A Happy Face

by Steve Mason

We make some of our greatest gains
when we see old things in new ways

Those who regularly read my columns know that I typically write about what's wrong with the world. This makes perfect sense. Our early ancestors came in two models: optimists and pessimists. Hearing a sound behind them, while walking along a jungle path, the former figured it was a coconut dropping and turned to have a bite while the latter, convinced it was one of those nasty saber tooth tigers, ran like Hell. When the optimist was right, he enjoyed a tasty lunch. But when he was wrong … he was lunch!

Fast forward to today and what do you find? There are many more of us with genes tuned to things that can go wrong than to the possibility of a free feed. Indeed, that ubiquitous happy face - when adopted as a way of life - can be downright hazardous to your health! Good things are nice. Bad things can kill you. So where are you going to put the emphasis?

Having said that, I must confess - I truly believe it's better to look on the bright side. I'm sure I don't have to tell you about all the studies showing the positive effects of a positive attitude. Correspondingly, it would be silly to try and argue that the worrywart has, in any way, a superior quality of life. Do understand, though, that I'm not talking about being some Pollyanna nitwit bent on banning the Death Penalty and passing the chicken soup. Not at all. But when you can find a bright side, shouldn't you enjoy it?

That's exactly what I was trying to do in a recent column I titled "Lookin' for Trouble." My point was that, when you come right down to it, we live in a time and place that by normal standards would have to be considered pretty swell. Famines and plagues are a thing of the past. If anything, we have too much food and too many pills leading to a downright porky population planning to outlive Social Security. Similarly, Cossack hoards have ridden into the sunset and nobody expects the Spanish Inquisition - for good reason. Let the cops rough up even the likes of a Rodney King and he walks away a millionaire.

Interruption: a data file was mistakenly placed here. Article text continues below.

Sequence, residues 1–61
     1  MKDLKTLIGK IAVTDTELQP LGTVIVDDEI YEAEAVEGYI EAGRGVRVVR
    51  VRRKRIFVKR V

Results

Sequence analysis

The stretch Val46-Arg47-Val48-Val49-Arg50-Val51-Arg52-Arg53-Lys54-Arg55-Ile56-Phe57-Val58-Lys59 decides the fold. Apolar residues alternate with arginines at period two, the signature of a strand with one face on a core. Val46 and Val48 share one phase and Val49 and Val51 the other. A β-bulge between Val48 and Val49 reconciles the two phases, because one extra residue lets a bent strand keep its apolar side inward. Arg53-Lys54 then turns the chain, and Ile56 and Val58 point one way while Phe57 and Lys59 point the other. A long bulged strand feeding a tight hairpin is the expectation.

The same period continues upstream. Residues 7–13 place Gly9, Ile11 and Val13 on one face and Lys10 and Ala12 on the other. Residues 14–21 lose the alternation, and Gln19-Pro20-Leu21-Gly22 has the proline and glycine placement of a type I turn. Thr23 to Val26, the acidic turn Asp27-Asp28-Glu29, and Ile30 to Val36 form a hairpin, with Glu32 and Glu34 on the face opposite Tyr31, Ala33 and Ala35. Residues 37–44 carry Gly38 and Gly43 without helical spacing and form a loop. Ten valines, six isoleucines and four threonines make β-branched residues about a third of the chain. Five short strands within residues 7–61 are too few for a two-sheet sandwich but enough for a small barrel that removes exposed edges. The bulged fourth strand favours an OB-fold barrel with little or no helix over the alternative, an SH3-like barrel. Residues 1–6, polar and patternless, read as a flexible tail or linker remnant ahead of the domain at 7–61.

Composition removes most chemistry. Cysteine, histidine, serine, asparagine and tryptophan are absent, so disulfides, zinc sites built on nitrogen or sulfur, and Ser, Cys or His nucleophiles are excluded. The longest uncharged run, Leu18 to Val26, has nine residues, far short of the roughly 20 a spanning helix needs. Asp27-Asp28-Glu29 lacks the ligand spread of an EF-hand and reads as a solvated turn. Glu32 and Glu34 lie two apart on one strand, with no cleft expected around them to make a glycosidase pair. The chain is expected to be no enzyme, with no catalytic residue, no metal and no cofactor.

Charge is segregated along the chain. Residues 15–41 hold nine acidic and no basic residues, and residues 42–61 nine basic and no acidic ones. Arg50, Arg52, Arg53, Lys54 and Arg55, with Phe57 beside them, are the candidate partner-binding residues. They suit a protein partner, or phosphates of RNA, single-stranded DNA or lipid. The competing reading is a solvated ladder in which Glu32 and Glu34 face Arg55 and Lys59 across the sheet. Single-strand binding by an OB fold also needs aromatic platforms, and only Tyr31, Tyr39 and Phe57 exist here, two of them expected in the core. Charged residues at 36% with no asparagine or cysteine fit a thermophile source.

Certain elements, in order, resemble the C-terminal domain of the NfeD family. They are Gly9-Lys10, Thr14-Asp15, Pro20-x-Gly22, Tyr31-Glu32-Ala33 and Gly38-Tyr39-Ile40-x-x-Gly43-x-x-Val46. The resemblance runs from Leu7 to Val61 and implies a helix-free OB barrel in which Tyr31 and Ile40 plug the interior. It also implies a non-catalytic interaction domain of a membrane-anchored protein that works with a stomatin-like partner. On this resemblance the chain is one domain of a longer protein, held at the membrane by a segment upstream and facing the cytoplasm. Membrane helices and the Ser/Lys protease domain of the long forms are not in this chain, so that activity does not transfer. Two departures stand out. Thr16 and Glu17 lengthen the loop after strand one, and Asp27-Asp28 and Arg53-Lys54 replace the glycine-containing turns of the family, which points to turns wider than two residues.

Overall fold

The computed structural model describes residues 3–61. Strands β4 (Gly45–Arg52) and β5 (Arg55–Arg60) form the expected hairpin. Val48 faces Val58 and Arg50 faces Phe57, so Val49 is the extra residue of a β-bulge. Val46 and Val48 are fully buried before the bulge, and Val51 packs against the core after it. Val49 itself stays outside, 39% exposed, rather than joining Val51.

And there's the rub. Human beings, genetically selected to anticipate the worst, are now getting into the habit of having to look around for trouble. They worry about, and actually perceive as a threat, the silliest things. Is the planet warming up? Will the titmouse go the way of the dodo? How is the next generation ever going to pay off the national debt? I'm sorry, but compared to the Black Death of 1350, and the Red Army of 1950, such concerns are small potatoes indeed. I'm not saying that we're out of the woods for good, that a stray comet's not headed our way, but for the time being at least - why not relax and enjoy?

So what do I get for my efforts at easing the minds of the masses, and encouraging them to assume a happy face for a change? Abuse! I'm held up as perhaps the only blockhead on the planet who hasn't noticed that the sky is falling. Well, I object to such rough handling at the hands of naysayers and nincompoops who don't know when they've got it good.

For example, there were those who wanted me to know that drugs were a problem and an equal number who wanted me to know that the War on Drugs was a problem. I say you guys should fight it out between yourselves. As I see it, if you feel they're a threat - don't use them. If you feel they're a threat to others - mind your own business.